Naphtali Herz Kohen was chief rabbi in Frankfurt from 1704 to 1711. Fire broke out at his home, the house Eichel, in 1711, and destroyed the entire Judengasse. He was a greatgrandson of "High Rabbi" Löw, chief rabbi of Prague, who according to legend had created an artificial human being, the "Golem". Kohen also came from Prague. During his youth he had been captured by Tartars, and was forced to work for them for many years as a shepherd. His marriage brought him financial security, and he devoted himself exclusively to the study of religious texts. He later became rabbi in Ostrow and Posnan.
Until the fire, he enjoyed the reputation of a great scholar in Frankfurt.He wrote a commentary on the Pentateuch (Five Books of Moses) and published a comprehensive work on the Talmud.
He was a man of great charity who even during periods of personal poverty always cared for his family and poor relations.
On 14 January 1711, the great Fire which destroyed the Judengasse broke out in his house. In the absence of an explanation for this terrible misfortune, the rumour spread that the fire had been caused by the rabbi's mystical invocations and magical practices. He was consequently held responsible for the fire.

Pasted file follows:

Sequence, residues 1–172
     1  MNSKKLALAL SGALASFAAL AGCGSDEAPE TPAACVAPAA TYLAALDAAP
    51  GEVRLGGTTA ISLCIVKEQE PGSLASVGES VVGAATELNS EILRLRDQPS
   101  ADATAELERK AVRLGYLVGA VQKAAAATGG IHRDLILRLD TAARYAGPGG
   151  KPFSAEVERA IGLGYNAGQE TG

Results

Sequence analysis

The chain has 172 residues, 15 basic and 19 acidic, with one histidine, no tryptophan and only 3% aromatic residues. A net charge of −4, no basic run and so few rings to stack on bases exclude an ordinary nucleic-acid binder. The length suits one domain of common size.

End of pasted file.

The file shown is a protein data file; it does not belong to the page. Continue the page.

Even though the hearings established his innocence, he remained under arrest. The small number of Christians harmed by the blaze demanded 4,000 guilders compensation from him. Rabbi Kohen failed to collect the required sum from his fellow community members. Finally, the aid of Jews from outside Frankfurt attending the trade fair brought his release from prison on 21 March 1711 on payment of bail of 1550 guilders and two clocks.
He left Frankfurt and returned to Prague with his family. He died in Constantinople in 1719 while on a pilgrimage to Palestine.